The business plan of Durham’s Performing Arts Center is detailed as the venue prepares to open. Some question whether Durham can support such a center with the cost of the Broadway shows, comedians, and concert acts the center is booking. Others believe the center will have no problem making money off events even as it competes with Raleigh. Specific statistics are provided for how much money per event the center must make to turn a profit and how the center will book touring acts.
Source:
Independent Weekly (NoCar Oversize AP 2 .I57 [volumes 13 - 23 on microfilm]), Vol. 25 Issue 47, November 2008, p16 Periodical Website
Record #:
28183
Abstract:
The Durham Performing Arts Center (DPAC) just opened its theater and the center is filling local residents with pride. The success of the theater depends on more than just Durham residents. Local politicians describe how the center is unique and promote a competition with Raleigh. However, the success of DPAC will depend on the entire Triangle region for it to be a success and local leaders should rethink their marketing strategy.
Source:
Independent Weekly (NoCar Oversize AP 2 .I57 [volumes 13 - 23 on microfilm]), Vol. 25 Issue 49, December 2008, p29 Periodical Website
Record #:
28348
Author(s):
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A year from opening, the Durham Performing Arts Center is already saddled with doubt. The reasons for this doubt include not securing the naming rights for the center, financial costs of construction, the cost of ticket prices, competition with Carolina Theatre in Durham and the Progress Energy Center in Raleigh, and filling the theater for performances. Attracting talent is also an issue as the rental rates exclude many local, nonprofit, and grassroots organizations. The issues surrounding the building and the opening of the theater are discussed in detail.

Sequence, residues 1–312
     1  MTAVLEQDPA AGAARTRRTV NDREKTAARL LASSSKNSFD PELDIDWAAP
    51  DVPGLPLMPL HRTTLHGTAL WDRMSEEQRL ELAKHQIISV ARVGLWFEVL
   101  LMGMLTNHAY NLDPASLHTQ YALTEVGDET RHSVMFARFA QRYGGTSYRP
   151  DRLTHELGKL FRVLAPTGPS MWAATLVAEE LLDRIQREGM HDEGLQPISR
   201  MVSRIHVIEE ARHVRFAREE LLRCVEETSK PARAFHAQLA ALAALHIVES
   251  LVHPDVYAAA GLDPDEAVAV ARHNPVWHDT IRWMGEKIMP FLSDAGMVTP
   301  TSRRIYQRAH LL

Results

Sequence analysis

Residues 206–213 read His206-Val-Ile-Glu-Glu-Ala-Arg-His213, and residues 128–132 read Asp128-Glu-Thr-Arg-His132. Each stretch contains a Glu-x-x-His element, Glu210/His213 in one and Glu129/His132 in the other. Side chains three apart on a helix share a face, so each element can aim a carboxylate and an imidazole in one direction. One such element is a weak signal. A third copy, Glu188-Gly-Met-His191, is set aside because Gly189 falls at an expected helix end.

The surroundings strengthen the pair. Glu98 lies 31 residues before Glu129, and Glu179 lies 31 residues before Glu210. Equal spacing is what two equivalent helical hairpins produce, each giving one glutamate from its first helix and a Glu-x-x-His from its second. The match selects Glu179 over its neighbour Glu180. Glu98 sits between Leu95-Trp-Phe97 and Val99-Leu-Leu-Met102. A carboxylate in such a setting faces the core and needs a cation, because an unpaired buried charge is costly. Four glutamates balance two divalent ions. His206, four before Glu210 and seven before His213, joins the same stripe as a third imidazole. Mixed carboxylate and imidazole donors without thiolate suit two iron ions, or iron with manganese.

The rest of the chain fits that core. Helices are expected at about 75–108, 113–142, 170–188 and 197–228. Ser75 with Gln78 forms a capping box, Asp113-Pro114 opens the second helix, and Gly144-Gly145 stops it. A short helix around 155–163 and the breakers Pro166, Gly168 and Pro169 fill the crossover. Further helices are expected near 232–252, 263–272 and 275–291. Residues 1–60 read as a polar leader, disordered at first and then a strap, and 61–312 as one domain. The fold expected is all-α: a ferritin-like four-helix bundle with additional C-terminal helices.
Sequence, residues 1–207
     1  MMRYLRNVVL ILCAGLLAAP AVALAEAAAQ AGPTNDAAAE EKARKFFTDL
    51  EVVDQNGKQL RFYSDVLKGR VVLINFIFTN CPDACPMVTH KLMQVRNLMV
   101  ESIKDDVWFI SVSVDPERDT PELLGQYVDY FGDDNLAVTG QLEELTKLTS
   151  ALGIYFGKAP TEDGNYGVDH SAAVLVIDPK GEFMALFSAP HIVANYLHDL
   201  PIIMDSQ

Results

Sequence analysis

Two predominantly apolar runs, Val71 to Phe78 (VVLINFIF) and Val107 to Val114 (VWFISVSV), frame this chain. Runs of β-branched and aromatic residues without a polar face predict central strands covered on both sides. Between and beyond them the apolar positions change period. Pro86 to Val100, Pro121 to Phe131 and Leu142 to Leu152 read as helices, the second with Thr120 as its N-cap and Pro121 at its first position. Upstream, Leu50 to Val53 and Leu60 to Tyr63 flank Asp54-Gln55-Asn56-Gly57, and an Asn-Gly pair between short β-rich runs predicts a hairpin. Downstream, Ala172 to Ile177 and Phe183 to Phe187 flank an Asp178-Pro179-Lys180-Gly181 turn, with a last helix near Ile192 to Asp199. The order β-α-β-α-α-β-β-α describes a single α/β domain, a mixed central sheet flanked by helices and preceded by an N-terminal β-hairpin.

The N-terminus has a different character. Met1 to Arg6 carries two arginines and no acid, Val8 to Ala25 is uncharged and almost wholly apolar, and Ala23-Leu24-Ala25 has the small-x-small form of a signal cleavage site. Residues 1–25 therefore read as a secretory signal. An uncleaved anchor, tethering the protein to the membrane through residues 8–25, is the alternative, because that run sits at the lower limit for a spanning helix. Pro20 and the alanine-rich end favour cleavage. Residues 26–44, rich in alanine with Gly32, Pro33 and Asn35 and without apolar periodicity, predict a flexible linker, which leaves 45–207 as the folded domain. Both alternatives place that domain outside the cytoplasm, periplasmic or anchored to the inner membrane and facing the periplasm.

Source:
Independent Weekly (NoCar Oversize AP 2 .I57 [volumes 13 - 23 on microfilm]), Vol. 24 Issue 46, November 2007, p17-23 Periodical Website
Record #:
28969
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This is Not a Novel is the most recent show by The Little Green Pig Theatrical Concern in Durham. Directed by Jaybird O’Berski, the show is derived from a tetralogy of books by David Markson. Audience members walk through the production with a downloaded audio play to accompany live action drama, film, dance and visual art combined in a singular experience.
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Indy Week (NoCar Oversize AP 2 .I57), Vol. 33 Issue 7, March 2017, p18-21, il, por Periodical Website
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Record #:
29089
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Modern dance icon Paul Taylor began commissioning new works for the first time in his company’s sixty-two-year history, bringing in the talents of choreographers Larry Keigwin and Doug Elkins. Keigwin’s “Rush Hour” and Elkin’s “The Weight of Smoke” will premiere at the American Dance Festival in Durham.
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Indy Week (NoCar Oversize AP 2 .I57), Vol. 34 Issue 25, July 2017, p23, por Periodical Website
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Record #:
29099
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Durham choreographer Justin Tornow leads the dance group COMPANY in her latest work, No. 19/Modulations, which premieres this week both inside and outside of 21c Museum Hotel Durham. The innovative performance incorporates the multimedia work of almost ten other artists, including Tornow’s partner, visual artist Heather Gordon.
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Indy Week (NoCar Oversize AP 2 .I57), Vol. 34 Issue 26, July 2017, p19, por Periodical Website